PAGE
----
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New MAS rules on short-selling, short-position reports to kick in on Oct 1

INVESTORS with short positions above a certain threshold will soon have to report them to the Monetary Authority of Singapore (MAS), and not just the bourse operator.

The move, announced on Monday, will affect investors with a short position of at least 0.2 per cent of total issued shares or units or at least S$2 million - whichever is lower - who are trading in securities listed on the Singapore Exchange (SGX).

The MAS said the move - which takes effect on Oct 1, 2018 - "will improve transparency on short-selling activities in the securities market and enable investors to make more informed trading decisions".

Short-selling refers to selling securities - such as shares, units or structured warrants - that a trader does not actually own at the time of the sale.

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The selling may be "covered", with the seller having borrowed the securities or made arrangements to deliver them.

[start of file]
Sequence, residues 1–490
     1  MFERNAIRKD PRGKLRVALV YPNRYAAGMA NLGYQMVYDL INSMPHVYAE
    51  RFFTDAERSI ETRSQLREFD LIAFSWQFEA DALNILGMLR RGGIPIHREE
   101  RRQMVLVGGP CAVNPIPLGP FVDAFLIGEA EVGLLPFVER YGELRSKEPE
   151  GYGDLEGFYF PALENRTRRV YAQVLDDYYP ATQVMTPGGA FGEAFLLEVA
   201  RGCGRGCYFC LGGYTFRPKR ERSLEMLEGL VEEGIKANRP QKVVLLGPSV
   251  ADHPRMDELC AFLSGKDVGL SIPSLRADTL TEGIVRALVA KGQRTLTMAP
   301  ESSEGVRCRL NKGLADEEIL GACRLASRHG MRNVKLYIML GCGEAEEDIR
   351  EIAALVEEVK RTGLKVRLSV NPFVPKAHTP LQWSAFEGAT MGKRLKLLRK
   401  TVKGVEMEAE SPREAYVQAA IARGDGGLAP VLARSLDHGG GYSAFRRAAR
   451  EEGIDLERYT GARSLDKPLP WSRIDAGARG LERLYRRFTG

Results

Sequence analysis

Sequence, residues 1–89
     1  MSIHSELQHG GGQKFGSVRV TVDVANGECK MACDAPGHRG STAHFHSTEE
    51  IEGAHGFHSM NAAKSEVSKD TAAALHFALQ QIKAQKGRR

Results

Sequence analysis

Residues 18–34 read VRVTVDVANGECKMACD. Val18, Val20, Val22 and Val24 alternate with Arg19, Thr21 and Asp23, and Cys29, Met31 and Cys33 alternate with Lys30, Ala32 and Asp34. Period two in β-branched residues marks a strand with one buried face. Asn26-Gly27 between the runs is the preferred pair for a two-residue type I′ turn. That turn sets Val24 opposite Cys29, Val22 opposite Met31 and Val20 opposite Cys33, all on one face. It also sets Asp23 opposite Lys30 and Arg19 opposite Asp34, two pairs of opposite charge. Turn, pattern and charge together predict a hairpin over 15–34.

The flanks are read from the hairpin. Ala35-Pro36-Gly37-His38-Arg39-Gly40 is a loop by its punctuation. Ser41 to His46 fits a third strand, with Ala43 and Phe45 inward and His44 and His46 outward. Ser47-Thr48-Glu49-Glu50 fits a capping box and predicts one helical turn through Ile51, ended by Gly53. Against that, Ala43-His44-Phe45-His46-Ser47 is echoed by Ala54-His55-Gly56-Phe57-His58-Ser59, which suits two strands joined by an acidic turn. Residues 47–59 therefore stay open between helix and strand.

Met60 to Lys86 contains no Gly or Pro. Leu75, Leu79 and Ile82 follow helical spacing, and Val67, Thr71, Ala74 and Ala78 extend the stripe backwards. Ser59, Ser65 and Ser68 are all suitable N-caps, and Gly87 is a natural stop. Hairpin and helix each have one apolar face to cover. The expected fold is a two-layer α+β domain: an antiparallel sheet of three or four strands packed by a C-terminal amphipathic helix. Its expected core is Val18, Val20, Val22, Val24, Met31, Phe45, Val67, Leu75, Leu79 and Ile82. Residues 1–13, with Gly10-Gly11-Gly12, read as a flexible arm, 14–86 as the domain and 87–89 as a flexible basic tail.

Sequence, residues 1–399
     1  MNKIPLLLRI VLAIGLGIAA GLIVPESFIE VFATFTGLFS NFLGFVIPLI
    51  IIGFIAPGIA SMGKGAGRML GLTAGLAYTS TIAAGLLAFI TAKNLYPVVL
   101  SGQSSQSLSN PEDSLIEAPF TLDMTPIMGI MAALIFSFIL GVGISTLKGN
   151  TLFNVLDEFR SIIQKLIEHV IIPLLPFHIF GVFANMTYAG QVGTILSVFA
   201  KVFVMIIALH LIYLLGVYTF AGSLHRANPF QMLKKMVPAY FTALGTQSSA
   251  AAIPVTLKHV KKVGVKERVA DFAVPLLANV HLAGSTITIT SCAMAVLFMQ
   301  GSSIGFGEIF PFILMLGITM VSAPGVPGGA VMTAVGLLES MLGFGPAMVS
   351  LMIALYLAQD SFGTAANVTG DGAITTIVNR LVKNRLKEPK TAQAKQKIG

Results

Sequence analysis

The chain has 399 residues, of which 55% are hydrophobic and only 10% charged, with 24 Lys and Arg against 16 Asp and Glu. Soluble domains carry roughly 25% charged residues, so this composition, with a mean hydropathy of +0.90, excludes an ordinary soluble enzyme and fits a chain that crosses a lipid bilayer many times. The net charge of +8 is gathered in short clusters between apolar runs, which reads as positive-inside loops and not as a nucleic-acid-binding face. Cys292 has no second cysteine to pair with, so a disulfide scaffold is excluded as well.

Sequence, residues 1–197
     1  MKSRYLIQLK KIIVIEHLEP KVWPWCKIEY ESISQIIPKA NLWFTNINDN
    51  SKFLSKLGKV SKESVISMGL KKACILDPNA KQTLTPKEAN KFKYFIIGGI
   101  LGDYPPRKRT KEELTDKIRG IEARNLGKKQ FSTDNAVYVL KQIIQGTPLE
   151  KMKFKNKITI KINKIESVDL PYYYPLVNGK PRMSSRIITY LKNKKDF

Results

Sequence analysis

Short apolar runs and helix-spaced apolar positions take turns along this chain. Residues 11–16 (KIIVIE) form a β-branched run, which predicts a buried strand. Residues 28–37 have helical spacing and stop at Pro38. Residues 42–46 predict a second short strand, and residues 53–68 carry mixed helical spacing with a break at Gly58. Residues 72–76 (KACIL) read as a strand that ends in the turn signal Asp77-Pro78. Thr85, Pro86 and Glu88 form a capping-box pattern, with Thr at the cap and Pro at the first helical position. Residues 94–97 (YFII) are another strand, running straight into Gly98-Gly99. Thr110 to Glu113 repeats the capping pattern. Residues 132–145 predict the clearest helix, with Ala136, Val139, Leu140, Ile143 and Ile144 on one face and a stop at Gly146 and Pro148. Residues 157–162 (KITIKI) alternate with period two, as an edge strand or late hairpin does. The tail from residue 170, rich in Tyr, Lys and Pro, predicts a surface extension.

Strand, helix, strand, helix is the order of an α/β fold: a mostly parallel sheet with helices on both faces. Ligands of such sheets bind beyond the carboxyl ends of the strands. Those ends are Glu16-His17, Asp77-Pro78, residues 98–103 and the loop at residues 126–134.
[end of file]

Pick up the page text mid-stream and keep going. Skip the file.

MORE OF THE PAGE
It may also be "uncovered" or "naked", which is when the seller neither holds the securities nor has made arrangements to deliver them to the buyer.

The MAS said that it will publish aggregated short positions for each security every Wednesday, without disclosing the identities of the short sellers.

Traders who meet the threshold must report their positions through an online portal, dubbed the Short Position Reporting System, at https://eservices.mas.gov.sg/sprs/

The SGX already requires investors to mark sell orders as "long" or "short" and publishes both daily and weekly reports on short-selling activity. This rule has been in place since March 11, 2013.

The new MAS requirements, which get their teeth from the Securities and Futures (Short Selling) Regulations 2018, will "provide statutory backing to SGX's trading rules", the state regulator said.

Short-selling is not banned in Singapore, but failure to settle a trade will earn penalties under the central depository clearing rules.

"Abusive" short-selling - for example, with the spread of false rumours - could also be prosecuted as market manipulation or deception under the Securities and Futures Act.

"But not everyone in the industry is a fan of the change. Jimmy Ho, president of the Society of Remisiers, called the new requirements "a hassle for investors". "Its onerous because, if there needs to be a report, currently we need to report to the SGX," he told The Business Times over the phone. "So why report to the MAS again? Why can't the two systems be linked?"